This post continues on from part 2. If you’ve gone through the prior posts in this series, you have a fully functioning package. Now we’ll distribute that package.
Continuing on from part 1, we now have a nice little package that we wrote. Let’s refine this package to be a little more in line with Python practices, add some tests (well, a test), and provide some console execution.
It’s been awhile since I tackled anything too traditionally “technical.” Lately I’ve encountered many testers who are interested in using Python as their ecosystem of choice for test solutions, particularly in data science or machine learning environments. So here I’ll talk about being a test solution developer in a Python context and what it means to create solutions in this ecosystem.
In a previous post I introduced you to provisioning an infrastructure with Chef using a standalone component called Chef Solo. In this post, I’m going to expand significantly on that example and cover how to use Chef in the more common scenario, which is using Chef Client to talk with a Chef Server.
Many testers are working in a DevOps context now or soon will be. This context is often about making a new environment available (virtualization) or taking an environment and making sure it has everything needed (provisioning). Usually these two go hand-in-hand. Here I’m going to show you one of the simplest possible ways to do this using one component of Chef. Make no mistake about it: this kind of automation is critical for the modern tester to learn.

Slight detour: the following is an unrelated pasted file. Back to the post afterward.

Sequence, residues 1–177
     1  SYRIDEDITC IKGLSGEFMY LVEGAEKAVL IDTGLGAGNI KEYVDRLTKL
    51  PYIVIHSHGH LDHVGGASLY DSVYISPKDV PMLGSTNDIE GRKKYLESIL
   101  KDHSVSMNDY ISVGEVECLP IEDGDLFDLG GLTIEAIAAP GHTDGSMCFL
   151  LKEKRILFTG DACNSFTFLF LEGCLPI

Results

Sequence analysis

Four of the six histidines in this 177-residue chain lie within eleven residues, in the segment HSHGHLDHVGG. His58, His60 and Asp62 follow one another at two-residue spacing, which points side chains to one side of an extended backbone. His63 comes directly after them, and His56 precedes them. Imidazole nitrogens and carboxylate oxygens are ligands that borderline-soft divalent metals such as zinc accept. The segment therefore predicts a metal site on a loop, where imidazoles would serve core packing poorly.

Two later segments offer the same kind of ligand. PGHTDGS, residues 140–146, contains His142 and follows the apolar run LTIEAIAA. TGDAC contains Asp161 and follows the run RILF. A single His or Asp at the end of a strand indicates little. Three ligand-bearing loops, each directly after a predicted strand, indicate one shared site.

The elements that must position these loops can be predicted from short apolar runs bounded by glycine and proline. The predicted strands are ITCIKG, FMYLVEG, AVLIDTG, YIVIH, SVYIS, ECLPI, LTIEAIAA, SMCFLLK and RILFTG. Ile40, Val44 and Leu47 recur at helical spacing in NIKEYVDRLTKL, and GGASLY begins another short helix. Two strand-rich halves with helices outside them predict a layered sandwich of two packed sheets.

Here I’ll take a step back from previous posts and cover the HTTP API of Node.js in a focused way.
In prior posts I had you creating web apps/servers via very simple logic. Framework software provides infrastructure support that allows you to create all of that a lot more quickly. Here I’ll take a look at using Express with Node.js.
Here I’ll continue the Node.js learning process by starting to construct a very simple server that will serve up static resources, like HTML pages.